Error catastrophe is the extinction of an organism, many times in the context of microorganisms, such as viruses, as a result of excessive mutations. The theory was proposed by Leslie Orgel in 1963. Leslie Orgel published his first paper on the subject in 1963 and developed it in 1970. The term “error catastrophe” was originally introduced in the theory of molecular evolution by Manfred Eigen. This term was coined in order to describe the supposed inability of a genetic element to be kept in a population if the fidelity replication machinery decreases beyond a certain threshold value. Error catastrophe has been invoked as a theoretical basis for the treatment of viral infections with drugs that would push the error rate for copying of the viral genome beyond this threshold.
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- Orgel, L. E. (September 21, 1970). "The maintenance of the accuracy of protein synthesis and its relevance to ageing: a correction". Proceedings of the National Academy of Science USA 67 (3): 1476. http://www.ncbi.nlm.nih.gov/pmc/articles/PMC283377/pdf/pnas00101-0395.pdf.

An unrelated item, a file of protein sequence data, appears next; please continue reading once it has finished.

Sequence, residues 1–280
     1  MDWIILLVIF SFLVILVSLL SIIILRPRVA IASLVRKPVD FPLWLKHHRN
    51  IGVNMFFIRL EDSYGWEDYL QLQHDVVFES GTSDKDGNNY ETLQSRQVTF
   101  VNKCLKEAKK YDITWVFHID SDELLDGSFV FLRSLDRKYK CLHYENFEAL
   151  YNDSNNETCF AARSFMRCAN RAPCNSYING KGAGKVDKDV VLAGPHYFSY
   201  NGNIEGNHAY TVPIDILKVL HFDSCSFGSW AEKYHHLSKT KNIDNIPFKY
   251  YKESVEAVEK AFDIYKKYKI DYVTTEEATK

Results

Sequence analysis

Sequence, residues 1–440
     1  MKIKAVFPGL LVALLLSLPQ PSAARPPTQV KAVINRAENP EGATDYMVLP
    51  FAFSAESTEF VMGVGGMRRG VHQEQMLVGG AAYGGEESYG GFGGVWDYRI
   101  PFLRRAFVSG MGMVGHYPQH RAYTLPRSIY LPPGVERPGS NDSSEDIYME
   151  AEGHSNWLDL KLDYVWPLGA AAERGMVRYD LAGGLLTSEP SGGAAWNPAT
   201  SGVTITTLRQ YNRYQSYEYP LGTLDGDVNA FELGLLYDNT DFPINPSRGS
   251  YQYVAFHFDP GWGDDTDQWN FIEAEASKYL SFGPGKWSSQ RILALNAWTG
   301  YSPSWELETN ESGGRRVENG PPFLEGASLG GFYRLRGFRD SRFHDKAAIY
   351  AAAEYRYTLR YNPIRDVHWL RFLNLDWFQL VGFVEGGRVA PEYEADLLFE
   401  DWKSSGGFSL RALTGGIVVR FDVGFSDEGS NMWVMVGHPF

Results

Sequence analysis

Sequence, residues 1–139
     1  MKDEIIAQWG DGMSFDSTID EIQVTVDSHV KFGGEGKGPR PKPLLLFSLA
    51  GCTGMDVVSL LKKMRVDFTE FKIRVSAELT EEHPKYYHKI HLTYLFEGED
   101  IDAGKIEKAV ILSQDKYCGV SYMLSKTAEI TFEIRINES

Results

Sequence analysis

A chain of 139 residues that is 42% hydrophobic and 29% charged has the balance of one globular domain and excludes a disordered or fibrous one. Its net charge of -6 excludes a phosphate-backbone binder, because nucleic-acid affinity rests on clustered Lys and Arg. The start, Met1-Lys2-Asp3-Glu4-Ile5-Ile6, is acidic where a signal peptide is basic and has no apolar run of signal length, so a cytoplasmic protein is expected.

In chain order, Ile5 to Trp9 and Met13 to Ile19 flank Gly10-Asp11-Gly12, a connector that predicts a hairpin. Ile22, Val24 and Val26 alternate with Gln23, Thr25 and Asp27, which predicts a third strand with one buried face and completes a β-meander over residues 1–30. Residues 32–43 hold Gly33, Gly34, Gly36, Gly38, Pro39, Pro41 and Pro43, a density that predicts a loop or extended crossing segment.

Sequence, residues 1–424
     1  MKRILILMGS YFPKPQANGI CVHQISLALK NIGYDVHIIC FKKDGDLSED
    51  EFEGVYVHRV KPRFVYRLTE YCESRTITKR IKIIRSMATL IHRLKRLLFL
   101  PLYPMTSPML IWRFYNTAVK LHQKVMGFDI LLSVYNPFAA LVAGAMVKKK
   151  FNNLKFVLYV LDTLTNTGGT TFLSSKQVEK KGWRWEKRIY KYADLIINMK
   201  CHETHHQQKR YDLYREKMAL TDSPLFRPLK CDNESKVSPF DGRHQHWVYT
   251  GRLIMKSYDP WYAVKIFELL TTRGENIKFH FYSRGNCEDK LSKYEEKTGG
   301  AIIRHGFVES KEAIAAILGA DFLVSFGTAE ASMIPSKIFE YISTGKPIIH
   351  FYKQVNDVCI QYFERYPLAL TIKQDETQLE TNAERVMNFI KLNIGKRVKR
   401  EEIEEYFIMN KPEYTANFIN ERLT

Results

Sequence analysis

- Eigen, Manfred (1971). "Selforganization of matter and evolution of biological macromolecules". Naturwissenschaften (Springer Verlag) 58 (10): 465.
- Summers, Jesse; Litwin, Samuel (Jan 2006). "Examining The Theory of Error Catastrophe". J Virol. 80 (1): 20–26. http://jvi.asm.org/content/80/1/20.full.
- Eigen, Manfred (2002). "Error catastrophe and antiviral strategy". Proceedings of the National Academy of Science USA 99: 13374-13376. ISSN 0028-1042. http://www.pnas.org/content/99/21/13374.full.pdf.